There are so many things people think about when they're shopping for a new home.
How much can I spend? What features do I need? How many bedrooms? Do I really need a pool?
You've probably considered all of those things. You've probably also thought about getting a mortgage and going through escrow. But have you thought about the title of the house you're interested in?
Many homes come with a nasty surprise that buyers don't find out about until after they've purchased the home. These surprises are liens, and they come in many forms. One of which is a mechanic's lien.
Not sure what a mechanic's lien is or how you can get rid of one? Read on to learn all about it!
What Is a Mechanic's Lien?
A mechanic's lien is a lien placed on a piece of property for unpaid construction bills. Let's say John Doe purchases a home at 111 Blackacre and decides he wants to make some improvements. Doe hires Joe Contractor to redo the kitchen and install central air conditioning.
Joe Contractor did everything to Doe's specifications and did a great job. He also completed it on budget (shocking, we know). Joe Contractor issues a final bill to John Doe for payment, but much to Joe's surprise, Doe never pays him for the work he completed.
So, with no other way to make John Doe pay for the improvements he made to Doe's house, Joe Contractor goes down to the local courthouse and files for a mechanic's lien.
Mechanic's liens work much like a standard lien, except they attach to the property itself and not to the person who failed to make the payment. So when Joe Contractor gets his lien, it's against 111 Blackacre and not John Doe.
Most of the time a mechanic's lien makes it so that a property cannot be sold unless the lien is cleared so the home buyer can get clear title. However, it is possible for a mechanic's lien to not show up until after the house sells. That means that the new homeowner would be responsible for clearing the lien if they want to sell the home in the future or take out a second mortgage.
How Long Is a Mechanic's Lien Good For?
It depends on the state in which the property is located. In South Carolina, a contractor has 90 days from the date of services provided to file for a mechanic's lien. This includes call-backs where a contractor has to return to a completed project to perform some additional work.
Once a contractor has a mechanic's lien, then they have six months from the last day of service to enforce the lien.
Generally, enforcement of a mechanic's lien is done through foreclosure. The contractor files suit to foreclose on the home and any proceeds are used to pay off the mechanic's lien and any other encumbrances on the home. Whatever is left over goes to the homeowner.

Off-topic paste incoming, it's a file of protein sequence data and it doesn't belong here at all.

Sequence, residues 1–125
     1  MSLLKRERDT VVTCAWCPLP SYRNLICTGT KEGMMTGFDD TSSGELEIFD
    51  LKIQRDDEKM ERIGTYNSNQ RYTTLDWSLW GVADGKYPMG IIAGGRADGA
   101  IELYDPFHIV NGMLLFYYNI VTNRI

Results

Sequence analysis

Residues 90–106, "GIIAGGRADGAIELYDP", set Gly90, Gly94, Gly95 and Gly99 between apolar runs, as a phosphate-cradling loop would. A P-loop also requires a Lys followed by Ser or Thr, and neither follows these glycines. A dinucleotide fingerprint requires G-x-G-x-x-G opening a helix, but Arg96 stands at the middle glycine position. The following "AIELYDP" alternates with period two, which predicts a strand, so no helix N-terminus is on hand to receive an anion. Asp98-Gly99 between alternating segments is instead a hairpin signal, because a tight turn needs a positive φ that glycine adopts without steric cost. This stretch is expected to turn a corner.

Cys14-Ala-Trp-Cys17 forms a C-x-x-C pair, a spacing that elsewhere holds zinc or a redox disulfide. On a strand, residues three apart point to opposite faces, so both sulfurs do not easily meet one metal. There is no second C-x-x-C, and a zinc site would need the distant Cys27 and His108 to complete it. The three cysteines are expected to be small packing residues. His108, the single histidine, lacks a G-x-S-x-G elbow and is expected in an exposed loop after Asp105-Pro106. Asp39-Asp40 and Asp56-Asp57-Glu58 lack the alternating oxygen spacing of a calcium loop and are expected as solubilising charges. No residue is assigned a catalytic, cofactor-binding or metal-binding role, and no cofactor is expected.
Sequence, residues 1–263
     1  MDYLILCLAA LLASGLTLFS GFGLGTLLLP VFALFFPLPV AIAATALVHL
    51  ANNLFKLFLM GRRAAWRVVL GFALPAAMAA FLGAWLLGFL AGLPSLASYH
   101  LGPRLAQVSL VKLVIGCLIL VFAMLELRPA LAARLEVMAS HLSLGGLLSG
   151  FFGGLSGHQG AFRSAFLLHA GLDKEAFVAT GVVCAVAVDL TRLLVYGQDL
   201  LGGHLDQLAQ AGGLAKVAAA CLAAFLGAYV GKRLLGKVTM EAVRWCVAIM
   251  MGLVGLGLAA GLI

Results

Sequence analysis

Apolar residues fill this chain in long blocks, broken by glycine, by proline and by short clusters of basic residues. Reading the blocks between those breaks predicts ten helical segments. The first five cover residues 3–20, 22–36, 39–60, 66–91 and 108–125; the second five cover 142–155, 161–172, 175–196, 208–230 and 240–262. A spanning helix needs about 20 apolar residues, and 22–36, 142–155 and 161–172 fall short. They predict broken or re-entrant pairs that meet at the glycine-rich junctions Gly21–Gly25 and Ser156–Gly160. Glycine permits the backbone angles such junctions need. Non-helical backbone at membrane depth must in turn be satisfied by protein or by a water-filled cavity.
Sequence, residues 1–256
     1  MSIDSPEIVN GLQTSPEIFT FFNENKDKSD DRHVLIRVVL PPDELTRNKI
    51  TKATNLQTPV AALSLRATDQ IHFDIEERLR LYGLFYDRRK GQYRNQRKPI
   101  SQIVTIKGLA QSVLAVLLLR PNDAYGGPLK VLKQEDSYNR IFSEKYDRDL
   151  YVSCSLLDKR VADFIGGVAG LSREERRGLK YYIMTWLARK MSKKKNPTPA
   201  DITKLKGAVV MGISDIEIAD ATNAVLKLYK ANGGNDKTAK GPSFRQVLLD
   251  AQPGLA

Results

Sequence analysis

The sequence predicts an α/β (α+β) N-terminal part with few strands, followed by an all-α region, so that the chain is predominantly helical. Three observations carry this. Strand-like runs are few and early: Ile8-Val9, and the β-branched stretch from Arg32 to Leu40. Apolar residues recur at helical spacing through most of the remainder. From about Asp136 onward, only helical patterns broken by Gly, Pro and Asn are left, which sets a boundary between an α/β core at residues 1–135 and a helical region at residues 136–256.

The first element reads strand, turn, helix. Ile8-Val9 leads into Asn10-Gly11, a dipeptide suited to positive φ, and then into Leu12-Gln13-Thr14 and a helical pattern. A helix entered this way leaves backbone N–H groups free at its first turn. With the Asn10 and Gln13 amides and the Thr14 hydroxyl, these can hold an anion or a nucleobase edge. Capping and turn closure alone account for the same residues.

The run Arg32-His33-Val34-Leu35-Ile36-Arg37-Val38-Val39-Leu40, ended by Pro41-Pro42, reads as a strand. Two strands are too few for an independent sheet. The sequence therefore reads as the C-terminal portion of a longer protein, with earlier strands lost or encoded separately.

How Do I Remove a Mechanic's Lien?
The only way to remove a mechanic's lien is to pay it. If you don't want your home to be foreclosed, then you must pay the lien.
If you're looking at purchasing a home that has a mechanic's lien attached, make sure that you condition your purchase on their clearing of that lien. Otherwise, you'll be responsible for clearing it yourself.
How Do I Avoid This Issue In the Future?
If you're feeling disillusioned about the home buying process after finding out that you have a mechanic's lien on your new home, you're not alone. That doesn't mean that you can't avoid situations like this in the future.
One way to avoid purchasing a house with a mechanic's lien attached is to hire someone to perform an abstract of title whenever you're interested in putting an offer on a property. An abstract of title is the history of the house. It traces ownership of the house backward and forwards to ensure that the current owner has the home free and clear.
It starts with the initial grant deed and traces all changes in ownership. It also ensures that you're not getting a home that was purchased under a quitclaim deed. A quitclaim deed means "I don't know if I really own this house, but if I do, I'm selling you my interest in the home."
Abstract of title also checks for any kind of encumbrances which may be attached to the home such as liens or easements. This process is usually fairly effective, but if the mechanic's lien, or any other type of lien on the property, has not yet been recorded, then an abstract of title is not going to help you. The best way to protect yourself from liability attached to your home purchase is to buy title insurance.
Title insurance protects you from any undisclosed liens or encumbrances on your new home. Essentially, since liens are attached to the property and not the person, title insurance will cover any unexpected defect in title after you purchase a home.
So if Joe Contractor shows up at your front door ten years after you move in and says he has a valid lien against your home, title insurance will cover the cost. Then you'll have clear title once again.
Buying a New Home Doesn't Have to Be Tricky
It may seem like there are a lot of hidden tricks you have to know about in order to purchase a house that won't hurt your pocketbook in the long run. That's simply untrue. It always pays to get an abstract of title before you agree to purchase a house or even unimproved land.
A little money now will save you a lot of money in the future. And if you find something like a mechanic's lien on a property that you're just dying to purchase, ask the seller to clear the lien and provide proof that it has been cleared.
If you're in the market for a new home, we can help! Contact us today to see how we can make your home purchase as smooth and pain-free as possible. Happy house hunting!